As a product of the American society, Rebirthing was naturally influenced by behaviorism, and behavioral therapies. For instance, Orr greatly stresses the importance of physical activity, which was found to be an important component of recovery from many disorders, such as depression. It is not unusual that Rebirthers give their clients “behavioral prescriptions”, i.e. ask them “to do something.” Karma Yoga, which is the yoga of physical work, is a popular element of RB trainings and workshops. Some of the Rebirthers use RB as a “desensitization” technique. They take advantage of the deep relaxation of RB to have the client gradually approach their fears or phobias. Other behavioral techniques are also often employed. 

People sometimes ask if Rebirthing is a form of hypnosis as its deep relaxation has some similarities to a hypnotic-like state. By definition Rebirthing, or “Conscious Connected Breathing”, is not a hypnosis, though the state of relaxation seems to make people more open for ericksonian suggestions. This author, for example, encouraged alcoholics in the state of relaxation to say to themselves the words – “I like myself.” Rebirthers often use non-specific, positive, life-supporting affirmations, such as “Life is beautiful”, that may serve as powerful suggestions. It also possible under these circumstances to induce a solution-focused mood through questions such as – “What is it that you can do?” Famous “miracle question” is also used sometimes by Rebirthers. 

Rebirthing is considered to be one of the supportive therapies. It shares the basic assumption of these therapies that every person, given the proper amount of emotional support at the right moment, can recover and be self-reliant. This ability to stand on one’s own feet is often emphasized in Rebirthing and serves as a counterbalance to the regressive aspects of this method.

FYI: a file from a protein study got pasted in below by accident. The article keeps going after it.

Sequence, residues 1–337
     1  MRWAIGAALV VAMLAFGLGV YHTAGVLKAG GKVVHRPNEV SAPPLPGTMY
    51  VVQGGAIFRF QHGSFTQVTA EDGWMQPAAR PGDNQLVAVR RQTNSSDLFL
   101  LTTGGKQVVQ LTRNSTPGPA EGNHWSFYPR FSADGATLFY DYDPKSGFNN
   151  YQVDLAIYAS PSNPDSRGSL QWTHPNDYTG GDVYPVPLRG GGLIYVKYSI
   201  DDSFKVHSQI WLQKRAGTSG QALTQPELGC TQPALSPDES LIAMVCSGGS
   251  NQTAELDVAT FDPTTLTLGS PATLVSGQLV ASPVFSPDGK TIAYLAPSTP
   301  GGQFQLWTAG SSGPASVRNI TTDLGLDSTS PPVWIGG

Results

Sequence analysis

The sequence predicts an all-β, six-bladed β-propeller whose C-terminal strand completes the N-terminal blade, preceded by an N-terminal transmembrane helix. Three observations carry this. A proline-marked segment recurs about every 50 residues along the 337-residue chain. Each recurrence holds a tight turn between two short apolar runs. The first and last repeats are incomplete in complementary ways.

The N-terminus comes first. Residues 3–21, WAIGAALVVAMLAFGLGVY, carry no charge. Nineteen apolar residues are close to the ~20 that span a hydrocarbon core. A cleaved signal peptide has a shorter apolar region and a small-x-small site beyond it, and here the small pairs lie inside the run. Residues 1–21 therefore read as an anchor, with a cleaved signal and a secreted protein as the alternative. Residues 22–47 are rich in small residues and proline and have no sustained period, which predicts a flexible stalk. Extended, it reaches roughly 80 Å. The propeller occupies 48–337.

Finally, Rebirthing could be considered to be a predecessor of the newly emerging field of energy psychology. Long before these new therapies gained popularity Rebirthers were proposing that therapy is not only a process of intellectual and emotional exchange between the therapist and the client, but also of “energy” exchange. To illustrate this line of thought one could say that the process of therapy begins when the client and the therapist are in certain physical proximity to each other (as in a therapy room) and it takes place even when the therapist and the client say nothing. 


The main advantages of using Rebirthing in therapy of alcoholics, divided by the Rebirthing three main components, are: 

Conscious Connected Breathing. 

Quick detoxification of body – shorter alcohol withdrawal phase
Reduced tolerance for alcohol
Enhanced awareness of body, including signs of cravings, thus better control of body – reduced “alienation from the body”
Better awareness of the “energy” of the body and “energy exchanges”
Opportunity to integrate birth trauma and other early life conditionings
Satisfaction and integration of regressive tendencies
Reduced resistance to the therapeutic process – good rapport
Reduced anxiety
Reduced depression
Reduced anger
Increased locus of control
Increased self-esteem and positive emotions of joy and satisfaction
Benefits of “relaxation response” – sense of peace and well-being
Unique atmosphere of group intimacy and emotional closeness
Biological experience of God 

Purification of energy techniques. 

Practical, easy to learn purification techniques that clients can practice after the completion of the main program and use as tools of relapse prevention
Improved, more conscious, nutritional habits – improved metabolism
Sense of “cleanliness” – motivation to maintain it Better overall health 

Control of mind. 

Simple, easy to learn techniques of mind control, such as affirmations, that the clients can use after the basic program
Other cognitive-behavioral techniques, such as “Stop-Thought”, allowing for control of cravings The habit of monitoring thoughts for their irrational or negative contents 

Tendency to take responsibility for one’s thoughts, and related emotions and actions 

Some of the above effects are likely a result of concomitant use of many of the Rebirthing techniques. 


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Key words.
Alcoholism, birth trauma, Rebirthing, breathing, energy, purification, therapy. 

Correspondence concerning this article should be addressed to: Piotr Rajski